MEXICO CITY — Mexico may soon be welcoming home Sandra Avila Beltran, the so-called Queen of the Pacific, who gained infamy here after being accused, though never convicted, of being a rare female shot-caller in the drug world.
The Mexican press, citing unnamed Mexican government sources Thursday, reported that Avila would probably be sent back to her native country very soon, perhaps before the end of the day.
The 52-year-old was reportedly in a Texas detention center awaiting repatriation. She was arrested in 2007 on drug-trafficking charges in Mexico but was acquitted by a judge here. Last year, however, she was extradited to the United States, which accused her of conspiring to import cocaine.
In a deal with prosecutors, she pleaded guilty to one charge of being an accessory to a crime for helping hide her drug dealer boyfriend from authorities. A federal judge in July gave her credit for time served, setting her on the path back to Mexico.
Officials suspected that Avila once served as a crucial link between South American suppliers and Mexicans involved in helping move drugs northward toward the U.S. border. Her insouciance, vanity and insistence that she was an innocent soccer mom type fueled intense media interest here in her case.
What happens when she returns to Mexico remains unclear. In late July, a spokesman for the Mexican attorney general’s office told the Los Angeles Times that Avila faced no further legal proceedings. And on Thursday, officials from Mexico’s immigration service told the Mexican news service Milenio that they were unaware of any arrest orders against her. [Link in Spanish]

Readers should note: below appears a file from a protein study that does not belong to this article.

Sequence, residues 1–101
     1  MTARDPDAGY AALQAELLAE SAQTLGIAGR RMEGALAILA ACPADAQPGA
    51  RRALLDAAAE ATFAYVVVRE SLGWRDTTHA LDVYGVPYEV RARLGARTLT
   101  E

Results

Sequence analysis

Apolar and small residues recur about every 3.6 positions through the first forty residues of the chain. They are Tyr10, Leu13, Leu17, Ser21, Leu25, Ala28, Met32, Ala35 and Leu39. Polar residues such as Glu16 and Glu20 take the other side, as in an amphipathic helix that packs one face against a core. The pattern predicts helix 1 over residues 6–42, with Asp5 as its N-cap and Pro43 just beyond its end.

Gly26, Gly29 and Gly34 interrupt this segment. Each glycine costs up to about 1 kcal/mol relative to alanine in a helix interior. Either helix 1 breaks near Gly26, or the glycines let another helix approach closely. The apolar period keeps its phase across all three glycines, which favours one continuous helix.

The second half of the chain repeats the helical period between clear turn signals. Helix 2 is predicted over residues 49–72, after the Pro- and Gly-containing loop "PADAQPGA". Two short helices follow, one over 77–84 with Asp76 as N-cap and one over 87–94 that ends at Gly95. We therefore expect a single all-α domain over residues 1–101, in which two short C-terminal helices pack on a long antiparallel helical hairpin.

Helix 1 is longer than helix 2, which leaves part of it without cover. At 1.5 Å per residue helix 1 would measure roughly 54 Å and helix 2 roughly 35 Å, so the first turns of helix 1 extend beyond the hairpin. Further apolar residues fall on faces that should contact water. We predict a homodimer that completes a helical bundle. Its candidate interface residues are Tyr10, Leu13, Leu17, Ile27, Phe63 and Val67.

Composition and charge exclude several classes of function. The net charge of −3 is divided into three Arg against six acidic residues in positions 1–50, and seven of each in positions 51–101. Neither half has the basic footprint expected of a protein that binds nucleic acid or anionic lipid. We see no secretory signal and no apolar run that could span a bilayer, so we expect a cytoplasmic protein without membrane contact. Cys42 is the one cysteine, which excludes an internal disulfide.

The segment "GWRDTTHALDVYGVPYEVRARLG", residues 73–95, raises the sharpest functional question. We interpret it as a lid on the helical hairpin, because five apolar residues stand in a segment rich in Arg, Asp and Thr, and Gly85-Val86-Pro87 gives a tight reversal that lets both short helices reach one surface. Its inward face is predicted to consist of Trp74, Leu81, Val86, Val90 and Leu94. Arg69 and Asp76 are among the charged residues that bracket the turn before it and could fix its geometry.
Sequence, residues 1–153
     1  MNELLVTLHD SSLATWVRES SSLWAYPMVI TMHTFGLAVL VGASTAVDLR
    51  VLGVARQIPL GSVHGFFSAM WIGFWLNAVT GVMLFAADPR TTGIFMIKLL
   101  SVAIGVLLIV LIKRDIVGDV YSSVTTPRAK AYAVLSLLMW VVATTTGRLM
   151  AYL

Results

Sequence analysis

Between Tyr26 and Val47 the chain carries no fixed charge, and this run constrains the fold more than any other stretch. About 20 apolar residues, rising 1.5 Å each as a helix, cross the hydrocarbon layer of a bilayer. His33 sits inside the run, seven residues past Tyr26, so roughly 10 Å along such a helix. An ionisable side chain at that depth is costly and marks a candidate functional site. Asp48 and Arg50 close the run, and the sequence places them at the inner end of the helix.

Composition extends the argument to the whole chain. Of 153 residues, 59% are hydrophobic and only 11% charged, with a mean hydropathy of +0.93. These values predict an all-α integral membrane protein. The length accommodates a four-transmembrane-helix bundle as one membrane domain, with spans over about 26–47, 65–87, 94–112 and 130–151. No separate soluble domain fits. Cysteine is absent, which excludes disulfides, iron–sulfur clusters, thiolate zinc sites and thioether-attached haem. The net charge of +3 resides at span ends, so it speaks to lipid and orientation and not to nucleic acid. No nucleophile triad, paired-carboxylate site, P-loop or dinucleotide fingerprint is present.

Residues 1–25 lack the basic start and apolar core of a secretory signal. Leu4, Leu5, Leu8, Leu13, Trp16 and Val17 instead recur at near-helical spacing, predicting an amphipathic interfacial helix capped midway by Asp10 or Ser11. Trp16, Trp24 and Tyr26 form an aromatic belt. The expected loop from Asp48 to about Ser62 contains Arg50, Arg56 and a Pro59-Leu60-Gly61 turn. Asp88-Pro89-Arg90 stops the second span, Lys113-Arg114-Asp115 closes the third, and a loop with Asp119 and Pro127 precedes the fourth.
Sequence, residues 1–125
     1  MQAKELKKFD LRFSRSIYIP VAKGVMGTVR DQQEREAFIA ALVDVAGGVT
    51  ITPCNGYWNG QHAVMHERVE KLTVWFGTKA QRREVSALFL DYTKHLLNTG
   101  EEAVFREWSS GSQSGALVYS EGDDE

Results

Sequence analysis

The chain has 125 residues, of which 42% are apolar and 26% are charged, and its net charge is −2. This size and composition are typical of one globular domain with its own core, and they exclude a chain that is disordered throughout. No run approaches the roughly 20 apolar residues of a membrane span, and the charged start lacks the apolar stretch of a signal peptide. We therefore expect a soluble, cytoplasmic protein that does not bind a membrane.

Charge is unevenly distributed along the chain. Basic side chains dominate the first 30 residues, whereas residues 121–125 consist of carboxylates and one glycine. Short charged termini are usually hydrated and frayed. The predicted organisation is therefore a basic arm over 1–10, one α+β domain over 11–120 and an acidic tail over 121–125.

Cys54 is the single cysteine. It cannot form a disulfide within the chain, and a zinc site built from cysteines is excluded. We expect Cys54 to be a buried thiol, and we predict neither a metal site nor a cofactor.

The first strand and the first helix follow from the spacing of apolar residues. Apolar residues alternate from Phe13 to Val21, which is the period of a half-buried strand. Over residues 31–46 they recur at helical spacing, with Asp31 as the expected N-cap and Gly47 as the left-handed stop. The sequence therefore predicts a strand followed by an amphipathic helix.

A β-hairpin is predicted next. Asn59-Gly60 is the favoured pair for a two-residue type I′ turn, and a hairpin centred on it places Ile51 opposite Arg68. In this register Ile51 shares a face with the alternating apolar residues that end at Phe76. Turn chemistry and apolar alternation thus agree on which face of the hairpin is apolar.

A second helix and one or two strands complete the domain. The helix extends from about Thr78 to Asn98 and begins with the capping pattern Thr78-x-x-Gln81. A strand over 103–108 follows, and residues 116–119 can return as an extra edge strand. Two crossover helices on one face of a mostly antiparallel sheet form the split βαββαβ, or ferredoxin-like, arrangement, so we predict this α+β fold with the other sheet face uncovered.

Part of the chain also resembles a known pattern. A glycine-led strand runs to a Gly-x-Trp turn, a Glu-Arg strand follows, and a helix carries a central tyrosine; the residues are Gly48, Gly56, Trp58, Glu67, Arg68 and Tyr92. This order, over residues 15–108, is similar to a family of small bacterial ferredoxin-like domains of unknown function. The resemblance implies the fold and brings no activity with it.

However, a Mexican attorney who claims to represent Avila has said she still faces an outstanding charge of “operating with illicit proceeds” and would be apprehended upon arrival in the country.
The return to Mexico of the so-called Reina del Pacifico comes as the country is trying to avert a diplomatic crisis over an appeals tribunal’s surprising decision last week to free Rafael Caro Quintero, a notorious drug lord who was serving a 40-year sentence for arranging the 1985 slaying of a U.S. Drug Enforcement Administration agent.
Caro Quintero’s case was thrown out on a technicality. He walked out of a prison in Jalisco state early Friday after serving 28 years behind bars, but numerous charges against him are still pending in the U.S.
On Wednesday, the Mexican government acknowledged that the U.S. had filed a preliminary extradition order in the case.
Mexican authorities are presumably searching for him.